Cyber Security

Practicing good cyber-security online – tips to protect yourself and your personal information

AWN takes cyber-security and the protection of personal information very seriously.

In light of the increase in cyber-security incidents both globally and across Australia in recent times, it is important to remain vigilant and take all possible steps to protect yourself online.

The following Top Five Tips are your best first line of defence to mitigate the risk to you and your personal information against this unfortunate online trend.

AWN’s top five cyber-security tips

  1. Update your computer, tablet, and mobile device software regularly

    An update is an improved version of the software (programs, apps, and operating systems) you have installed on your computer, tablet, and/or mobile device(s).

    Software updates help protect your devices by fixing software ‘bugs’ (coding errors or vulnerabilities) that cybercriminals and malware can use to access your device and steal your personal data, accounts, financial information, and identity.

    New software ‘bugs’ are constantly being found and exploited by cybercriminals, so updating the software on your devices helps protect you from cyber-attacks.

  2. Activate multi-factor authentication (MFA) on all your services and accounts

    You can use MFA to improve the security of your most important accounts. MFA requires you to produce a combination of two or more of the following authentication types before granting access to an account.

    • Something you know (e.g., a PIN, password, or passphrase)
    • Something you have (e.g., a smartcard, physical token, authenticator app, SMS, or email)
    • Something you are (e.g., a fingerprint, facial recognition, or iris scan)

    MFA makes it harder for cybercriminals to gain initial access to your account by adding more authentication layers, requiring extra time, effort, and resources to break.

    Two-factor authentication (2FA) is the most common type of MFA, requiring two different authentication types.

  3. Backup your computers and devices as regularly as possible

    You should regularly back up your files and devices. What that looks like, whether it is daily, weekly, or monthly, is ultimately up to you. The backup frequency could depend on the number of:

    • New files you load onto your device
    • Changes you make to files

    Check your backups regularly so that you are familiar with the recovery process, and ensure your backups are working properly.

  4. Use complex passwords to secure all of your accounts

    Multi-factor authentication (MFA) is one of the most effective ways to protect your accounts from cybercriminals. If MFA is not available, a unique strong passphrase can better protect your account compared to a simple password.

    • What is a passphrase?

      A passphrase uses four or more random words as your password. For example: ‘crystal onion clay pretzel’.

    • Passphrases are more secure than simple passwords
    • Passphrases are hard for cybercriminals to crack but easy for you to remember

    How can I create a strong password/passphrase?

    Create passphrases that are:

    • Long: at least 14 characters long, using four or more random words. The longer your passphrase the more secure it is.
    • Unpredictable: use a random mix of four or more unrelated words. No famous phrases, quotes or lyrics.
    • Unique: not re-used across multiple accounts.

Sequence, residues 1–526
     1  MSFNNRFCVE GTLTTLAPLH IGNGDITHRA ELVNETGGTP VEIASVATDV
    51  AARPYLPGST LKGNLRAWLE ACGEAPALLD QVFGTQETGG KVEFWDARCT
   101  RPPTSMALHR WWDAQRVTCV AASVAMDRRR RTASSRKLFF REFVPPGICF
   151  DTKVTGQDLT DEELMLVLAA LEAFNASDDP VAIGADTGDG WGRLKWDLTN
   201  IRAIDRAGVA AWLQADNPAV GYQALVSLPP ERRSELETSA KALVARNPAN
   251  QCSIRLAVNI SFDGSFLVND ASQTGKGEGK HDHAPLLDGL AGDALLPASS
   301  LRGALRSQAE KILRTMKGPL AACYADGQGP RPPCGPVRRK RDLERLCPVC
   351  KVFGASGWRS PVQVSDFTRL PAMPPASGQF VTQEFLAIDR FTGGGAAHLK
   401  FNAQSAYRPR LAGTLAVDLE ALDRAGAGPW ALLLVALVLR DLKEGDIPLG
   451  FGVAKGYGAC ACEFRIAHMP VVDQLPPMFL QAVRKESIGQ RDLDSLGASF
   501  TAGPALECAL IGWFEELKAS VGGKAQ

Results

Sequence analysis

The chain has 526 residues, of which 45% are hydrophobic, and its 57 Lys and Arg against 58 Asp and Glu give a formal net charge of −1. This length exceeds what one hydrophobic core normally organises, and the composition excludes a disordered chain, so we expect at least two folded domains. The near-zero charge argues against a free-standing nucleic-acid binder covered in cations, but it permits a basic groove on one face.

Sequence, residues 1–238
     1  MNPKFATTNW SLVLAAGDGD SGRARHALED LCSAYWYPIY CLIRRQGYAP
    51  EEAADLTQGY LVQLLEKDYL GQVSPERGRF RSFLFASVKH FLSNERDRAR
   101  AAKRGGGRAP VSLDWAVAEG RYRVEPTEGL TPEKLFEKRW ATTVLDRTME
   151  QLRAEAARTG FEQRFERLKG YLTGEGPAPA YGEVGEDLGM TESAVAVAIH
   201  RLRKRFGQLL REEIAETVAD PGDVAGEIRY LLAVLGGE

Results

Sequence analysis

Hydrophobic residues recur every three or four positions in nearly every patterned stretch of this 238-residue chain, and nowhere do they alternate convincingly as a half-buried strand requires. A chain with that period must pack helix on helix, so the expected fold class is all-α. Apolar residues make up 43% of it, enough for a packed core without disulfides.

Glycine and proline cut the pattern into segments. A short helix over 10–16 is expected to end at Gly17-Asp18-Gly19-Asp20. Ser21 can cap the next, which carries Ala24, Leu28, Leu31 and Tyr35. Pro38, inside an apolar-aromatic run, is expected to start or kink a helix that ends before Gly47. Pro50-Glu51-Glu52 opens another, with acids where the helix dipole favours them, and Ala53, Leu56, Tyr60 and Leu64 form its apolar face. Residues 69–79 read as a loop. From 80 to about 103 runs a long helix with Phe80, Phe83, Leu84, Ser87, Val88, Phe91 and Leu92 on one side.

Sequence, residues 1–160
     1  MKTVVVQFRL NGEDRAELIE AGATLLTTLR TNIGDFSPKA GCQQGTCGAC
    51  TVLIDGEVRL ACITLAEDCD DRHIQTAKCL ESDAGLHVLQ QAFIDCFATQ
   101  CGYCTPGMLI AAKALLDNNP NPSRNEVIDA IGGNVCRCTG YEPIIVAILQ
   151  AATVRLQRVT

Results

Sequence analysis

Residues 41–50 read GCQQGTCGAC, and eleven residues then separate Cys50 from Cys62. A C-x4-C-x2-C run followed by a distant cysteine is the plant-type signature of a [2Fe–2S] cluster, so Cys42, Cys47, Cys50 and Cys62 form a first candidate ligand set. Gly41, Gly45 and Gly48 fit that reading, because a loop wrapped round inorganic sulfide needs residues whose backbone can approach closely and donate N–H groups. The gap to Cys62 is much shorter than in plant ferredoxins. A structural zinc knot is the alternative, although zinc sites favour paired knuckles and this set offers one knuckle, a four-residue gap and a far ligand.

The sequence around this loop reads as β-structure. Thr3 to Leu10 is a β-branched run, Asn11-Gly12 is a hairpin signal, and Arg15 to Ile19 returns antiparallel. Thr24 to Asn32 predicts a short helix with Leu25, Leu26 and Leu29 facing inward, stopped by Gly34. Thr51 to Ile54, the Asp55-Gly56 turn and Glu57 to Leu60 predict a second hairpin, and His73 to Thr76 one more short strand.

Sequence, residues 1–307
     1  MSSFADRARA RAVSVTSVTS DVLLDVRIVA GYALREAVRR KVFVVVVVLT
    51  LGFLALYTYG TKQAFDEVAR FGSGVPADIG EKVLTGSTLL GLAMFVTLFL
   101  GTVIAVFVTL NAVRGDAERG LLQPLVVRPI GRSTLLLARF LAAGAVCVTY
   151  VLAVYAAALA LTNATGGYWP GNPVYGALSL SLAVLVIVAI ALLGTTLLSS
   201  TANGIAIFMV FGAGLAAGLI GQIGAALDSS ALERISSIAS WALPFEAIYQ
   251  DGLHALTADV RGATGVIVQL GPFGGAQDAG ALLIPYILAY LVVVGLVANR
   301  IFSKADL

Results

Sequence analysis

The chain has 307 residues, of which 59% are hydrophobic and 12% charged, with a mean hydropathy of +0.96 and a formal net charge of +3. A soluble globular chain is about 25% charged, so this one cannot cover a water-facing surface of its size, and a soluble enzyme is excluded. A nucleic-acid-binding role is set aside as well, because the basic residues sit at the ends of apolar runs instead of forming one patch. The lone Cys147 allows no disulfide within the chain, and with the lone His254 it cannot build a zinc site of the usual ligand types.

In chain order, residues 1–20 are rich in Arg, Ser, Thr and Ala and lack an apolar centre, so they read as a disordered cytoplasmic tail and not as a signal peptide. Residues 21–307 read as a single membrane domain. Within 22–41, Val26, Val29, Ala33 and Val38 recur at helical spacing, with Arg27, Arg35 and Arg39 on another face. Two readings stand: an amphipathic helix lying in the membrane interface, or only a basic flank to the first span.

If a website or service requires a complex password including symbols, capital letters, or numbers, you can include these in your passphrase. Your passphrase should still be long, unpredictable, and unique for the best security.

  5. Secure your mobile devices

    Today smartphones and tablets are used to connect, shop, work, bank, research, and track our fitness and complete hundreds of other tasks at any time and from any location.

    How do I secure my mobile device?

    Device Security

    • Lock your device with a passphrase, password, PIN or passcode. Make it difficult to guess – your date of birth and pattern locks are easy for cybercriminals to deduce. Use a passphrase for optimal security. You might also consider using facial recognition or a fingerprint to unlock your device.
    • Ensure your device is set to automatically lock after a short time of inactivity.
    • Don’t charge your device at a public charging station and avoid chargers from third parties.
    • Treat your phone like your wallet. Keep it safe and with you at all times.

    Software and App Security

    Use your device’s automatic update feature to install new application and operating system updates as soon as they are available.

    Set the device to require a passphrase/ password before applications are installed. Parental controls can also be used for this purpose.

    Check the privacy permissions carefully when installing new apps on your device, particularly for free apps. Only install apps from reputable vendors.

    Data Security

    Enable the remote locking and wiping functions, if your device supports them.

    Ensure you thoroughly remove personal data from your device before selling or disposing of it.

    Connectivity Security

    Turn off Bluetooth and Wi-Fi when you are not using them.

    Ensure your device does not automatically connect to new Wi-Fi networks.

What AWN will and won’t ask you for re: cyber-security

AWN will never send out emails or SMS messages to you directly asking for payments of any sort and asking you to confirm banking details or passwords. If you believe you've received a phishing email that appears to have come from AWN, don’t respond, and don’t click on any links or open any attachments. Simply forward the entire email to and delete it.

Additional resources

The following Federal Government websites are helpful in providing additional advice and resources:

  1. The Australian Cyber Security Centre (ACSC)
  2. ACCC Scam-watch